Better together: Some districts collaborate on Work Ready standards
Kentucky School Advocate
By Madelynn Coldiron
The Work Ready Communities program not only can unify a single county, but bring together multiple counties and school districts, as some education leaders are finding out.
Officially, Work Ready currently is set up for individual counties and not regions, but some neighboring counties have been informally working together. The program says as long as each contiguous county involved meets Work Ready criteria and is certified, together they can promote themselves as a Work Ready Region.
Boyd and Greenup counties share the economic development agency called Ashland Alliance, noted Steve Gilmore, superintendent of Ashland Independent Schools and a former Ashland mayor. Both Greenup and Boyd counties recently received the Work Ready Community designation at the same time, incorporating the efforts of both county school districts, along with Ashland, Russell, Fairview and Raceland-Worthington independents.
Gilmore said the districts worked well together on the project, since the superintendents have been meeting together regularly for several years. Tim Gibbs, president/CEO of Ashland Alliance, said that was apparent the first time he met with them about Work Ready.
“The dynamic between the independent school districts and the county school districts could not have been stronger,” he said. “They were in. You can certainly see the rapport and the relationship they have.”
In western Kentucky, there has been talk among several counties of having a common work ethics seal or certification demonstrating soft skills, said Gretchen Wetzel, curriculum, instruction and assessment specialist for Caldwell County Schools. It makes sense, she said, because, “Students move in and out of districts in this area some. If they moved into a high school in a surrounding district, they might already be on track to get the seal.”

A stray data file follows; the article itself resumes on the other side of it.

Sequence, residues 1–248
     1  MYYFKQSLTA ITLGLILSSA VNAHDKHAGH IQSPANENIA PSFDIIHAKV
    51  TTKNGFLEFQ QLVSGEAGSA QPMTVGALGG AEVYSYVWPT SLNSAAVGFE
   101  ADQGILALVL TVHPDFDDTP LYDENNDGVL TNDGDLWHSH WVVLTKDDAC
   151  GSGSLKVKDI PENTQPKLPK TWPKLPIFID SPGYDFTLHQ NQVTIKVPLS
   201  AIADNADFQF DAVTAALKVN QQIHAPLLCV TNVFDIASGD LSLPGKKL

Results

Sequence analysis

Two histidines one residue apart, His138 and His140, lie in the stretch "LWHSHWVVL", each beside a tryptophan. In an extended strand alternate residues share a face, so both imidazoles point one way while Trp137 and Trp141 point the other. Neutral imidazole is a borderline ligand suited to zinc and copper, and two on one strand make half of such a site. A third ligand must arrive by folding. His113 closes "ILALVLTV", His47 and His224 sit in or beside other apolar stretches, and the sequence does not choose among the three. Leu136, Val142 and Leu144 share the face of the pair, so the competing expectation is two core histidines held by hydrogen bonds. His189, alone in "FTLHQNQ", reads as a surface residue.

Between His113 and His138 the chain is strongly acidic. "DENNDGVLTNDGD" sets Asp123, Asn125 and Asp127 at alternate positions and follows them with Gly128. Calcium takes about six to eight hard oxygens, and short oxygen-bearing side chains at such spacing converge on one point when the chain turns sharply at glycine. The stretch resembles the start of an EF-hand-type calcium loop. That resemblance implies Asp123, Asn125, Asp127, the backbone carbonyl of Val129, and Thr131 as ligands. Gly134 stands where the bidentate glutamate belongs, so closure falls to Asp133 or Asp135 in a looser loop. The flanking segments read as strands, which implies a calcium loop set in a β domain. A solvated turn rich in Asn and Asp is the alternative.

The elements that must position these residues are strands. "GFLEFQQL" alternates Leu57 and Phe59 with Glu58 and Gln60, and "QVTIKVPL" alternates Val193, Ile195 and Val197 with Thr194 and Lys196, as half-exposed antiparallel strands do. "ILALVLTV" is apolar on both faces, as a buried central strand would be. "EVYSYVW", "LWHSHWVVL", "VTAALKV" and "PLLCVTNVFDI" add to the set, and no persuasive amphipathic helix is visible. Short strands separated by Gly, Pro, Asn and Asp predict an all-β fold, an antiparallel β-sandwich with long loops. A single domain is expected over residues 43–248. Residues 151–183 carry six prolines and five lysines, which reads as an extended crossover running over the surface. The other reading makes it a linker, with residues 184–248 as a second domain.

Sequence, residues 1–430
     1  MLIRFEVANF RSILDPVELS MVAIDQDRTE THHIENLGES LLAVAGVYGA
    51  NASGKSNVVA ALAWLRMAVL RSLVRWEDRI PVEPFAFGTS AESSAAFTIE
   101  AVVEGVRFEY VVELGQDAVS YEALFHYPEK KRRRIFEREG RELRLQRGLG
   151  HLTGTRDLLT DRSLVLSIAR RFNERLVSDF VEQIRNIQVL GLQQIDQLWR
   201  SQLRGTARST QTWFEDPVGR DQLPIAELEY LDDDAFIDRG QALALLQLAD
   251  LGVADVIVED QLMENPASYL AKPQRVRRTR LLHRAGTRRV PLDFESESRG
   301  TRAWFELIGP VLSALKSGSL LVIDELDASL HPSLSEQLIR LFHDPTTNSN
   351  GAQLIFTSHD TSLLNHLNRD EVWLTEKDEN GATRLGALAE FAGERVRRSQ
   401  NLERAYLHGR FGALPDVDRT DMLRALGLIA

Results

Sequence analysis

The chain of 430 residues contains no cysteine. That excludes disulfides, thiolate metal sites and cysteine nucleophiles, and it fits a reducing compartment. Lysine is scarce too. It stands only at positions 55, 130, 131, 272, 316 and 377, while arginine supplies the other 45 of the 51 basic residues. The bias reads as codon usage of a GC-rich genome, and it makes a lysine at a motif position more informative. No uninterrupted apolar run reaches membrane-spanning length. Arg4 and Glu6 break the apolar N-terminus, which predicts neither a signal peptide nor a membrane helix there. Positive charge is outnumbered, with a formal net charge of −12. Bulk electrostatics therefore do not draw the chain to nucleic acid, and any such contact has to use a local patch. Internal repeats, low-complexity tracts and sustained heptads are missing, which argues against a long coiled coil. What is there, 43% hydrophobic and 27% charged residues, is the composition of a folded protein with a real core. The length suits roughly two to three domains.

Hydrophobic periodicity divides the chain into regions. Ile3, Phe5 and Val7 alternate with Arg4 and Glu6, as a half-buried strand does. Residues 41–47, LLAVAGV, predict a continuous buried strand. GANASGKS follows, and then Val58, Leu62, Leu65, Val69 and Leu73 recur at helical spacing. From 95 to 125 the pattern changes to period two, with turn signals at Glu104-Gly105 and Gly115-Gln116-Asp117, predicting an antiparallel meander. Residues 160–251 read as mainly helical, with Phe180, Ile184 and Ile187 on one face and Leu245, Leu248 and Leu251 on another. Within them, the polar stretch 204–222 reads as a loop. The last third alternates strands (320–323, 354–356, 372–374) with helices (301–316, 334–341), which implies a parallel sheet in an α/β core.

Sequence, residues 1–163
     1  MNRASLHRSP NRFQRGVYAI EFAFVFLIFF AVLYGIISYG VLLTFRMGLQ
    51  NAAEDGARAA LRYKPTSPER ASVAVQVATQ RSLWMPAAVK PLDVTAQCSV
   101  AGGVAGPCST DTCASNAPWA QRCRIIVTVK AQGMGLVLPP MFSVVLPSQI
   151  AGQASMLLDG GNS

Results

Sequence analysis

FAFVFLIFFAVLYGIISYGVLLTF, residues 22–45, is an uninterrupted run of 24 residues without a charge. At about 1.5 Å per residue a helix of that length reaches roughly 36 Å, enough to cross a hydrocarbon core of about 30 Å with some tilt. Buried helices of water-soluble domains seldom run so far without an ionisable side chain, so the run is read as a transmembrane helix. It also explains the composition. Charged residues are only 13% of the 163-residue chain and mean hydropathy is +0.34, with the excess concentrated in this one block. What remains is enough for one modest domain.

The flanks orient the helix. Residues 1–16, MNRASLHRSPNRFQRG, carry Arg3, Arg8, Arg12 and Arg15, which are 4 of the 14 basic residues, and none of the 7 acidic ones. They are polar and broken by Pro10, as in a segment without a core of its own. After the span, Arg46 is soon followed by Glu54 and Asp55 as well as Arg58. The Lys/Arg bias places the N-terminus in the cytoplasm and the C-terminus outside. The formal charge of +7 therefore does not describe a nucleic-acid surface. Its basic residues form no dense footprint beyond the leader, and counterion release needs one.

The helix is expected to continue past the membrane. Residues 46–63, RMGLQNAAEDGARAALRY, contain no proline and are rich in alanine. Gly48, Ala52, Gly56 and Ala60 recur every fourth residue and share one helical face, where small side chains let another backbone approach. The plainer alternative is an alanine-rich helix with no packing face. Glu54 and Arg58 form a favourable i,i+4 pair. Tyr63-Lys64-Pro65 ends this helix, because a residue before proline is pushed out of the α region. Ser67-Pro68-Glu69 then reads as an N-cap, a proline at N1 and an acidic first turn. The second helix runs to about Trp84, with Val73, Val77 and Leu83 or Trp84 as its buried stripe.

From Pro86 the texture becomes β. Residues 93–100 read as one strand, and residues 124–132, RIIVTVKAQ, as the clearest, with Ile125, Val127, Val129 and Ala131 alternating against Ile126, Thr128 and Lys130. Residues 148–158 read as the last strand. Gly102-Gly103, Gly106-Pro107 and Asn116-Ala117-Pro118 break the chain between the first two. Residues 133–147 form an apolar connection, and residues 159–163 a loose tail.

“We felt like it was important for our students to be on a level playing field as far as making sure the standards we agree upon are going to be consistent throughout,” said Lyon County Schools Superintendent Russ Tilford. “We’ve even had discussion at a couple of our West Kentucky Educational Coop-erative meetings where we’ve discussed that idea, although some are ahead of us and have already finalized their plans.”
Like Boyd and Greenup, Caldwell and Lyon counties share an economic development agency and Work Ready is among the projects the agency is working on, Tilford said.
“We felt it would be better for economic development if there was some consistency where prospective employers would know this is the caliber of student that you’re looking at when they see (the work ethics certification) on a resume or an application,” he said, adding he hopes to work with Caldwell County Schools to “refine” their current certification to that end.
Because the area is not heavily populated, an employer moving into one county or expanding would likely draw a workforce from surrounding counties as well, which, Tilford said, “would impact multiple counties and multiple school districts.”
Gilmore echoed that, saying, no matter which county gets new jobs, “we’re close enough that all of our students can benefit from it.”